He himself disapproves of her unpredictability. It is disruptive, he concludes.
When he is at her house, she initiates the bonding. Sometimes she watches a show with him. Sometimes she offers him some of her cooking. Sometimes she engages him in lively conversation. Or at least, she attempts to. He is not so much of an introvert, but his questions and answers tend to be rather curt and to the point.
‘Drew, I’ve been thinking – why’s the city so colorless?’ She asks, deep in thought.
‘The city, I can’t see any color in it – why is that?’
‘…the people in it don’t feel the need for color.’
Sometimes, they sit in silence.
In La Rousse, people rarely speak to one another. The most conversation is made in the many towering office buildings in the city centre. The great citadels of glass and stone are the exact image of the people who reside around them – they are transparent in their poise and indifferent in their manner.
He is intrigued by May, thus, for she does not belong in any way. He does not know why she moved here, nor does he care much. Still, he is curious so he asks her. It is one of the few conversations that he himself starts.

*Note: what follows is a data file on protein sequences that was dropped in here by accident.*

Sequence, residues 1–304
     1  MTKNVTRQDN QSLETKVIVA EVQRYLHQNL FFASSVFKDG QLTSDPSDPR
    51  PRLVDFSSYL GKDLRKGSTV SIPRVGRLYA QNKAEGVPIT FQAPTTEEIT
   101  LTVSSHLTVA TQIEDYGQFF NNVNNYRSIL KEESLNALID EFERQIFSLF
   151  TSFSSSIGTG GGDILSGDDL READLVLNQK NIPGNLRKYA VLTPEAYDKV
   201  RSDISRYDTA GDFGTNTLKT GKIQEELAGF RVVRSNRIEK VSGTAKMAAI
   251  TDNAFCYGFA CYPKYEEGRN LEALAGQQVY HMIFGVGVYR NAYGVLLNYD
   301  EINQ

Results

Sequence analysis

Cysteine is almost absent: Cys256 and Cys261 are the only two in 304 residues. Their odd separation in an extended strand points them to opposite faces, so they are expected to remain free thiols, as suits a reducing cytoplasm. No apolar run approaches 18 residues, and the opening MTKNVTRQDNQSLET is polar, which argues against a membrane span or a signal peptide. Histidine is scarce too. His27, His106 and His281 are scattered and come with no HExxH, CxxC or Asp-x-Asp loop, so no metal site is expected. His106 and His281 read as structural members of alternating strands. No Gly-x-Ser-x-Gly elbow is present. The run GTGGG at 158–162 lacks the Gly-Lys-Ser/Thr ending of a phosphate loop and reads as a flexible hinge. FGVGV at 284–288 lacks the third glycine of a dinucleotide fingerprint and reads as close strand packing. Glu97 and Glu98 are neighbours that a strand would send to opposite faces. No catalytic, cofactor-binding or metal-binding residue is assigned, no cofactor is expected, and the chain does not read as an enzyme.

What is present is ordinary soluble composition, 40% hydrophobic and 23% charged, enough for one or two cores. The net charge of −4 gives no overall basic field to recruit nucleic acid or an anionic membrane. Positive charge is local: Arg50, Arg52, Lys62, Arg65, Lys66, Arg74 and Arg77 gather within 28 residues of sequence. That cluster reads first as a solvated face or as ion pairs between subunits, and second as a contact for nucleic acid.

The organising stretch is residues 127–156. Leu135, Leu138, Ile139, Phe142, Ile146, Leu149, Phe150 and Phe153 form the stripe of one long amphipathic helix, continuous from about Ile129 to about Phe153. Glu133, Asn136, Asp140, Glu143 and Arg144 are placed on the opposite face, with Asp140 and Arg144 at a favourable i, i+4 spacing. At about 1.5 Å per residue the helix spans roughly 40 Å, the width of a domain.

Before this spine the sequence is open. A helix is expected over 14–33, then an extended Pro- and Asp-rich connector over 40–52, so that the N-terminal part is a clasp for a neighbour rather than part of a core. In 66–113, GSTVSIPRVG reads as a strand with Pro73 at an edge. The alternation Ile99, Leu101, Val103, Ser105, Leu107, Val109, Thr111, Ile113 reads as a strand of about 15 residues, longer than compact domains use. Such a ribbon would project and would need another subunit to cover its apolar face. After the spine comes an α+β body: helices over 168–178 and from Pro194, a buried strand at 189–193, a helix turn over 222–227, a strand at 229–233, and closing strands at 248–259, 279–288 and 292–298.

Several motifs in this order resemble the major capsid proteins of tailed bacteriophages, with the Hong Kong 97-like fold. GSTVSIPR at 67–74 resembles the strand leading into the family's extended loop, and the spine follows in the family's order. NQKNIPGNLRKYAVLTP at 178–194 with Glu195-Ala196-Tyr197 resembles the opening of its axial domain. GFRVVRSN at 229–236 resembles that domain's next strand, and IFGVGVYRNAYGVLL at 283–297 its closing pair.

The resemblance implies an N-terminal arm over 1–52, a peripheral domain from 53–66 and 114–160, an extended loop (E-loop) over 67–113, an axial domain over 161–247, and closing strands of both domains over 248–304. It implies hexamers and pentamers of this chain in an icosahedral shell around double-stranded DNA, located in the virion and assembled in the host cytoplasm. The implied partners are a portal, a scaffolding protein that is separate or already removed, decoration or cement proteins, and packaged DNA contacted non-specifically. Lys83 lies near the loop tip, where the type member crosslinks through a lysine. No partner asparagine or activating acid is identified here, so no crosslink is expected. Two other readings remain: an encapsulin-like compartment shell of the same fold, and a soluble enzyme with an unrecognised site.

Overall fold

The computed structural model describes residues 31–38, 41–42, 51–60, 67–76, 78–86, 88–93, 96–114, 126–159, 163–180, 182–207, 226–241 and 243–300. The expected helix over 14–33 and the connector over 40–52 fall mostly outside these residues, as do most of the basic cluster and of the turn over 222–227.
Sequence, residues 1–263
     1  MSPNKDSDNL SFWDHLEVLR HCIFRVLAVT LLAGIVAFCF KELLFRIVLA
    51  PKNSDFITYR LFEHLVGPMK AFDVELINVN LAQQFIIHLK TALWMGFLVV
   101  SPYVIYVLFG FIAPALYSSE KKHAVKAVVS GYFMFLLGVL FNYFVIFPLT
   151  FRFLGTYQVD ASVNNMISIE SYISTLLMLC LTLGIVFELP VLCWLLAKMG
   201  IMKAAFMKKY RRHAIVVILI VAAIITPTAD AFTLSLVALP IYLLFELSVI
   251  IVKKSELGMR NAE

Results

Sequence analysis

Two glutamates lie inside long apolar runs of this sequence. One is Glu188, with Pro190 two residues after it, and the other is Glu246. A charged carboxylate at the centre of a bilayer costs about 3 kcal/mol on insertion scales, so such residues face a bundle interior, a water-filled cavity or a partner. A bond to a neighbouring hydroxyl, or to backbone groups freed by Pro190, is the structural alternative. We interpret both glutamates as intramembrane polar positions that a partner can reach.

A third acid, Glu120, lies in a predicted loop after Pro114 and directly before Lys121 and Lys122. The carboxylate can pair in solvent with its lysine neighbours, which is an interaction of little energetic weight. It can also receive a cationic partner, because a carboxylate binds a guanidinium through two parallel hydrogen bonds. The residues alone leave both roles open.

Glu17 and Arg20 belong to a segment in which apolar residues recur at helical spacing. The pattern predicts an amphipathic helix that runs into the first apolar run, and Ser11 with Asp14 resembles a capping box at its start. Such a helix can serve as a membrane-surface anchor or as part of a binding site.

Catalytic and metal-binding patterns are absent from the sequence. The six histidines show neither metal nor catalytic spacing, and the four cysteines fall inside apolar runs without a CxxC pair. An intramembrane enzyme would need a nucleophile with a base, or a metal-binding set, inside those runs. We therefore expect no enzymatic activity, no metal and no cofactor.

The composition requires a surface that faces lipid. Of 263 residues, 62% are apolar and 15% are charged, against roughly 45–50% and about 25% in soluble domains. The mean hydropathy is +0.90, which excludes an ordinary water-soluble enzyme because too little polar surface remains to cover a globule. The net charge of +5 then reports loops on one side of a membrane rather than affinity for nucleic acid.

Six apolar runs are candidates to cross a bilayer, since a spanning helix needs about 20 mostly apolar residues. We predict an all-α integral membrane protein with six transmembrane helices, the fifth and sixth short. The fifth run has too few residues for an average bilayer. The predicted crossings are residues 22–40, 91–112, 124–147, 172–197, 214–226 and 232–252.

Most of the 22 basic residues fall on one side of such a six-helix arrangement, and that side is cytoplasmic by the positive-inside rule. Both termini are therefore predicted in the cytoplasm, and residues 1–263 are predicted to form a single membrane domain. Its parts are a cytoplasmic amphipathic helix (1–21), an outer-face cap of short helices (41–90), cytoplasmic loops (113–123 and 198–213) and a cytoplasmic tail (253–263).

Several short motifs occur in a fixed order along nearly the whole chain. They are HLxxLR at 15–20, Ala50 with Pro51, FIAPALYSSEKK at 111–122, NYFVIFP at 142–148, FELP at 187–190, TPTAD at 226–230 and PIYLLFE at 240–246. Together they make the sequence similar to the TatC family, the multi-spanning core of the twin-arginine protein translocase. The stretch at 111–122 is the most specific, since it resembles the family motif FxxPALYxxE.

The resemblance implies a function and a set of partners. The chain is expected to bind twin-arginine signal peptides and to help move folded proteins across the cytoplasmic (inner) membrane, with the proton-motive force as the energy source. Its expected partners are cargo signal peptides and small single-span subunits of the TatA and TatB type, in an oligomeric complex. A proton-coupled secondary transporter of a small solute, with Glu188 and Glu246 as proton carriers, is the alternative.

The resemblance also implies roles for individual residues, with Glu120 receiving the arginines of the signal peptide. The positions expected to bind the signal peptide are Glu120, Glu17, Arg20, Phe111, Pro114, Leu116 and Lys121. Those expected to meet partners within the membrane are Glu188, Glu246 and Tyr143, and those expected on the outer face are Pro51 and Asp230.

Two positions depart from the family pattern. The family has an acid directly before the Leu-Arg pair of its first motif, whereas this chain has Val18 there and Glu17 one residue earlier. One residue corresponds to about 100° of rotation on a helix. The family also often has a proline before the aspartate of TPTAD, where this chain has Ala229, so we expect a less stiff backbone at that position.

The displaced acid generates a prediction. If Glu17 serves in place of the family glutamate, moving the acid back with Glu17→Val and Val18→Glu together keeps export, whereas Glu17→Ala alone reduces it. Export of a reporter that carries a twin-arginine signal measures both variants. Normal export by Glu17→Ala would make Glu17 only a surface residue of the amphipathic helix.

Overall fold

She tells him that she feels like moving.
Drew is confused as to why she would have such a lack of uniformity. To him, it makes no sense. Her path is so jagged, he thinks.
It is nothing like the smooth pavements.
Sometimes, he sees her cry when she is by herself.
He never mentions it to her, though.
She tells him about her friends in her hometown sometimes. He has heard enough of her animated chatter to recall a Misty, a Dawn and a Paul. The one he hears about the most, however, is a man named Ash.
Drew doesn’t like him much.
‘Why do you insist on color?’ He asks out of nowhere, over the humming sound of the bus.